I'm at a loss for having not heard the APL/Denon, but if it gets close to the big boys that I mentioned, then that underscores the value proposition of modding.
I'm at a loss for having not heard the APL/Denon, but
if it gets close to the big boys that I mentioned, then that underscores the
value proposition of modding.
Dgarretson (System | Threads | Answers)

That depends on one's definition of modding. APL did not consider the APL
Denon 3910 a mod, but rather an entirely new player in the Denon 3910's

APL did not modify the Denon in the respect of replacing parts and power
supplies, as most modders do. (Past tense, because the APL Denon 3910 is
no longer built.) APL completely gutted the machine except for the laser
assembly, and video/set-up circuitry.

Then, APL installed new, APL designed power supplies, audio processing and
output stage. There was nothing resembling the Denon audio circuitry or
power supplies remaining.

APL essentially built a new, dedicated two-channel audio player. It was
simply more cost effective for APL to use the Denon 3910's laser assembly
and box rather than designing and manufacturing a new APL box and buying
OEM transports.

Ironically, the part that most often causes problems in these players is the
Denon laser assembly. I am not aware of one APL Denon 3910 owner who has
ever had problems with anything APL designed and installed.
Similarly, in the RAM full-out mod, the entire power section is replaced with aftermarket discrete DC regulation circuits, the one-chip clock oscillator is replaced with a Superclock PCB, and the entire analog output section is replaced with buffered Audio Consulting silver transformers that as piece parts alone can cost up to $2K.

What's interesting is that essentially the same approach is repeatable across a variety of CDP models. The differentiation between machines that remains after these mods are done can be regarded as the inherent sonic signature of the OEM DAC and transport/RF section themselves, rather than the product of compromised stock power and analog sections.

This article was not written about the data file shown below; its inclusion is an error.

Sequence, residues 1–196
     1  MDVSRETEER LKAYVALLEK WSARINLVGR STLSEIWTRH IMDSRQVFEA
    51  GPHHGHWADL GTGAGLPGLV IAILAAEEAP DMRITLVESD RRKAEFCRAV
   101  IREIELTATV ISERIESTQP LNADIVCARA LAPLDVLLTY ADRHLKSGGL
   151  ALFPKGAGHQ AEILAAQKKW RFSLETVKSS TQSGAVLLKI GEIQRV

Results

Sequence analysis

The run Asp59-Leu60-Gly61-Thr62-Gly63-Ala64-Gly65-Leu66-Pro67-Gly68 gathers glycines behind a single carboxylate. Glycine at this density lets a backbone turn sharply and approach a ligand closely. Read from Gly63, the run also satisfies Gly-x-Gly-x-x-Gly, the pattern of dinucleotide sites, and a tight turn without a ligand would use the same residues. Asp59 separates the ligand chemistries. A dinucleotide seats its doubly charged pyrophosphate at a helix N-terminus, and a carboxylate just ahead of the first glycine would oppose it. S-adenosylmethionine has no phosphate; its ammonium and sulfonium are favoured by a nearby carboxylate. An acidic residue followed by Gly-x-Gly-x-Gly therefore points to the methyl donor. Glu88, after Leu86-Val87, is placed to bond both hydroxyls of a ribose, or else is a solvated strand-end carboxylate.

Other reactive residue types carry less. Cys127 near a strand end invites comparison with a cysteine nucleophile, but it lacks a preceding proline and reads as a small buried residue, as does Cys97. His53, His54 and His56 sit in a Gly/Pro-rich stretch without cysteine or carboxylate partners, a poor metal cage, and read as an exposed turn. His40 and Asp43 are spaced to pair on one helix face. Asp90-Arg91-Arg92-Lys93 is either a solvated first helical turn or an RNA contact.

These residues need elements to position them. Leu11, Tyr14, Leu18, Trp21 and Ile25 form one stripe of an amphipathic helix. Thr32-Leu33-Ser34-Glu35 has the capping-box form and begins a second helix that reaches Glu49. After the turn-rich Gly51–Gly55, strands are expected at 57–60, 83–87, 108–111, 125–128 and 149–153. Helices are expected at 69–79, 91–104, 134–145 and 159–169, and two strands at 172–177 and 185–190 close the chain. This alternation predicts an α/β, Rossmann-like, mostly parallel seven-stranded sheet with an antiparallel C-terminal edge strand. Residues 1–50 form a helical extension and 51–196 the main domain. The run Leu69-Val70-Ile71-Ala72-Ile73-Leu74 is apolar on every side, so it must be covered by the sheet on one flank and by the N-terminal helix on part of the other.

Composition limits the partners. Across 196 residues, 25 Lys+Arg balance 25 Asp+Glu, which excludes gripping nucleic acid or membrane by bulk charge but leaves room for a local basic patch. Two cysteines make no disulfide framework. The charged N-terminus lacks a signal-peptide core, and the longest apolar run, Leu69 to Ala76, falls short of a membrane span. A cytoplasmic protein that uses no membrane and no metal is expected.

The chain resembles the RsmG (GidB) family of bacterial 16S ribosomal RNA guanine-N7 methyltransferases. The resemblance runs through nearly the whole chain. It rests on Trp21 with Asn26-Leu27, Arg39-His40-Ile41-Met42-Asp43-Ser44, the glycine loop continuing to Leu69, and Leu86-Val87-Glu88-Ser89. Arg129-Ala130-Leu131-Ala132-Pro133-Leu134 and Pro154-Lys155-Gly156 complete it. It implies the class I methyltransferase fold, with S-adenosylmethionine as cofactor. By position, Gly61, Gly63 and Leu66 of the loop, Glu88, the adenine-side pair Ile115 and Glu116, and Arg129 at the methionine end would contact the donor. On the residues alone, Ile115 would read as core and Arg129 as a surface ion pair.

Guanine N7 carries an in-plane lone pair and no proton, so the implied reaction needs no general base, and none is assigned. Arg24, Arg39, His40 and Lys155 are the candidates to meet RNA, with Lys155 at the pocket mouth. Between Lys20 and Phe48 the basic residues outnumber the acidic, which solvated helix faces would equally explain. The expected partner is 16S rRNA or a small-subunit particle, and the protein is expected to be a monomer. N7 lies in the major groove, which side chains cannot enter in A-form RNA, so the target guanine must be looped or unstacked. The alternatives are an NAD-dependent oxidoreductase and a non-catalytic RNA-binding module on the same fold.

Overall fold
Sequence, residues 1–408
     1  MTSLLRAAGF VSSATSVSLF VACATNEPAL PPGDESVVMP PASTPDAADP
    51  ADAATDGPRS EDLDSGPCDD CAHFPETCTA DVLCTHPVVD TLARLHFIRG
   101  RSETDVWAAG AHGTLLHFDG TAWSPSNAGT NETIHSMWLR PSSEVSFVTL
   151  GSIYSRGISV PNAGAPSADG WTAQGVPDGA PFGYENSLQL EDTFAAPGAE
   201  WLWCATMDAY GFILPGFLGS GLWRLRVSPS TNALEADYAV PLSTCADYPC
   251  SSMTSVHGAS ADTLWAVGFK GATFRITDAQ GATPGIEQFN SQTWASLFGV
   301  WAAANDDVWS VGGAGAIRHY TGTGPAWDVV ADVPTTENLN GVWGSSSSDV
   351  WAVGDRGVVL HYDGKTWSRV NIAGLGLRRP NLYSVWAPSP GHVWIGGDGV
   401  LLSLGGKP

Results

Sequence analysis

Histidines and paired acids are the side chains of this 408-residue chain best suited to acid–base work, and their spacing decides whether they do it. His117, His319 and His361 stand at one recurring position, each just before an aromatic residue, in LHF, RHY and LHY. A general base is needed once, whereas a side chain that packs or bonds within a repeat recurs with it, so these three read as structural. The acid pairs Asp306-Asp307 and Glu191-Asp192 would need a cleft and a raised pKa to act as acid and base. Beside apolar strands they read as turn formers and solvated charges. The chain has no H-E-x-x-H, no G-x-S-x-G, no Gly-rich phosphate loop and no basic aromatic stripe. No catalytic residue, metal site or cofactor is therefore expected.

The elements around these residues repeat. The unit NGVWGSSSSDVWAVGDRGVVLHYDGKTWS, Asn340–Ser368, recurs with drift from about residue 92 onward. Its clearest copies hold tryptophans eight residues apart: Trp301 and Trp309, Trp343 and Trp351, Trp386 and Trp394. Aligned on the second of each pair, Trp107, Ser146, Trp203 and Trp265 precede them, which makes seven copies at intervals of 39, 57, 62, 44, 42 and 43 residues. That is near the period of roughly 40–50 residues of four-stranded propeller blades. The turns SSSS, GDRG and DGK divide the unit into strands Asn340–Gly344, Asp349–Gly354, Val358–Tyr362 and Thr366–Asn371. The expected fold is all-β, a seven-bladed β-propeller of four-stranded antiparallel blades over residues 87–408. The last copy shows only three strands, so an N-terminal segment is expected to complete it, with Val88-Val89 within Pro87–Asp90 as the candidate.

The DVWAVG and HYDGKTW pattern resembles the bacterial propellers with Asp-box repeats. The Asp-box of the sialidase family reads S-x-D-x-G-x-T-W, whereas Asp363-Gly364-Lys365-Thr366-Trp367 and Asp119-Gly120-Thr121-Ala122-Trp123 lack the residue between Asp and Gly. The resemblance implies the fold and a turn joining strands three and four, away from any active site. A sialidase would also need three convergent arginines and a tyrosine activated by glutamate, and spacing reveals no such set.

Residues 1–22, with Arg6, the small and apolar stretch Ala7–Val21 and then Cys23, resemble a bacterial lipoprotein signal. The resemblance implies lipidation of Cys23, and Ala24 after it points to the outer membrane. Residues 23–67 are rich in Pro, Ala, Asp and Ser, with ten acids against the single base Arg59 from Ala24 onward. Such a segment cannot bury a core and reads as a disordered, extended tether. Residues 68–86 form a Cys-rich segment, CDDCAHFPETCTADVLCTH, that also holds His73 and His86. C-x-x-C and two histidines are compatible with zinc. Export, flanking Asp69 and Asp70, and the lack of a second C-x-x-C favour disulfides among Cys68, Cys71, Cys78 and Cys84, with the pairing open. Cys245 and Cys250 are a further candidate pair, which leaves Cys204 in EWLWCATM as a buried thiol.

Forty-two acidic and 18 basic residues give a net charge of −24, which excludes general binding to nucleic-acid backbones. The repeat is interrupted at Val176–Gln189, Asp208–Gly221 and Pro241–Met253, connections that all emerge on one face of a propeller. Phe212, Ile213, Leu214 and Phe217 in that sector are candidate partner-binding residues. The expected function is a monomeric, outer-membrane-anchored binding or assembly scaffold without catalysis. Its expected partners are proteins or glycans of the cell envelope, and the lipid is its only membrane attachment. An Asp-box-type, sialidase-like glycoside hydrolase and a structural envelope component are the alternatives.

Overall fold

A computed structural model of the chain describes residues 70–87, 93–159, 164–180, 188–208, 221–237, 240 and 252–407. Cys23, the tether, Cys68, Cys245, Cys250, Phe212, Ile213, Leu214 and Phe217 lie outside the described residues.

When stripped back to laser, RF, and DAC, are all machines essentially the same? They are not. Allen Wright has written that the STACT/VC24-based Sonys and also those like the SCD-1/777ES with the sliding platter assemblies, are especially good mod platforms. When selecting a mule for modding, the cost and effort of the add-on work may exceed the value of original unit several-fold, so it is best to select a model with the greatest potential.

The Denon may be good as well, and as you point out, Alex has gone further than others by gutting the DAC from the machine and substituting AKM replacements. But even assuming that the AKM arrays are the best of all possible DACs, the question remains as to whether his analog section, clock, and power assemblies are equal to alternative assemblies and piece parts. The player's performance is the synergistic whole of these considerations.

I would add from my own experience with AC and DC mods, that properly implemented large SLA batteries take things to an altogether higher level than the best AC regulated power-- perhaps an equalizer in the tech wars. There are no firm rules as to how the mods all net out, of course.
In this context, I'll add a thought illustrating how engineering choices to improve performance are sometimes available to the modder, but not to the manufacturer.

The many PCB traces that carry power to a DAC chip are bypassed by capacitors at the chip pins, typically by a half dozen or so low-value surface-mounted ceramic caps costing pennies apiece, even in megabuck CDPs. It's an important function, but space and cost considerations preclude using better pieces. However, with a few hours work it's possible to sqeeze highest-quality Teflon caps near enough to these critical locations. Luckily, the russian cold war surplus variant of what would be a $50 piece part if manufactured today, is available direct from eastern Europe for $2. So in go six around one DAC chip for a major improvement in sound. It doesn't take a genius to engineer this modification (in fact, even a genius could not cram 72 such parts around an array of 12 AKM DACs; it is not a viable parts choice for the APL design). Nor is this choice available to a commercial manufacturer, who for this one tweak alone might need to charge something like 4x markup x $50/unit cost x qty 6 pieces per DAC = $1000+.

Just an example of the unusual options that can be cost-effective only for the modder-- and in this particular example, only for a machine using a single DAC.